Featured Courses

Wondering what courses to take at NYU Florence next semester? We've highlighted a few courses below that are new or that former students highly recommended. These courses provide opportunities to discover lesser known facets of Florence and Italy.


Italian Sketchbook: Travel Writing and Digital Storytelling - IDSEM-UG 9205 - 2 points

Why do we travel? How do we document it and remember it? This course will explore how many different travellers, such as pilgrims, explorers, fugitives, and tourists have represented their own, and others', mobility with a focus on two primary impulses: observation and creation. We will trace how traveling subjects observed and recorded the world as expressions of artistic representation, scientific discovery and comparative sociocultural analysis AND we will focus on the strategies and techniques, in particular the interchange between word and image, employed by authors and artists as we translate these familiar approaches into new digital forms of storytelling. Italy, and in particular Florence, will serve as the most immediate conceptual and physical context for investigation as we link the textual and visual material studied in the classroom with the world beyond the boundaries of the La Pietra campus.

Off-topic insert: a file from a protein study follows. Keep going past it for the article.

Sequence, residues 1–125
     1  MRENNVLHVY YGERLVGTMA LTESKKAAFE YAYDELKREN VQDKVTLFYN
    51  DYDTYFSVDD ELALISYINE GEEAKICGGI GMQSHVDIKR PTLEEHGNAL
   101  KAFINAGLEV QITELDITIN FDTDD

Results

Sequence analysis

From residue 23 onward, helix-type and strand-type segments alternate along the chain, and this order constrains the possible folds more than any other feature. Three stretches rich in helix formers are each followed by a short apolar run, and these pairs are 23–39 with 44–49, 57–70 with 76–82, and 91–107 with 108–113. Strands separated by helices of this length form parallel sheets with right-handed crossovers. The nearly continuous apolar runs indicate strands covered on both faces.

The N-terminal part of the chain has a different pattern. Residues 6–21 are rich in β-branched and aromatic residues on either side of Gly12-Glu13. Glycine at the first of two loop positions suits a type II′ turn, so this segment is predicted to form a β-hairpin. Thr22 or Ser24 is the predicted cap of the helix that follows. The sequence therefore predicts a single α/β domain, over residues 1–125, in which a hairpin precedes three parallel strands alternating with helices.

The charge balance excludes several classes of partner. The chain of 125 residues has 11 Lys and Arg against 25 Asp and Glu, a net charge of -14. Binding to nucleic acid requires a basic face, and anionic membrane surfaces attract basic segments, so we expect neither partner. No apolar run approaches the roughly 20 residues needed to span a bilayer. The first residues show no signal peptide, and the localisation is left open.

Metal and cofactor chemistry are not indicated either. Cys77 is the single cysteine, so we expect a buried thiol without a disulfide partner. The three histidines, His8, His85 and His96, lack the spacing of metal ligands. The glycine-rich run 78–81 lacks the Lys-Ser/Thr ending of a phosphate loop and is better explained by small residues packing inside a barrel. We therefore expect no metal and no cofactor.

Sample Syllabus

Students in course

Modern Movements in Italian Art: 1861 - Present Day - ARTH-UA 9850 - 4 points

This course investigates the scope of Italian artistic ingenuity during the past century and a half and puts it in reference to contemporary art movements. Learn more from Professor Caterina Toschi and some of her former students.

Caterina Toschi headshot

Students in Course

Black Italia - SCA-UA 9280 - 4 points 

This cross-disciplinary course explores issues of “race”, identity and citizenship in colonial and postcolonial Italy. 

Angelica Pesarini headshot

History of Immigration in Europe & United States from World War II to Present - HIST-UA 9186 - 4 points

In both Europe and the US, the topic of immigration is highly politicized, and frequently occupies the center of national and regional debates on identity, citizenship and belonging. This course provides a comparative overview to the history of migration in Europe and the US. 

Angelica Pesarini headshot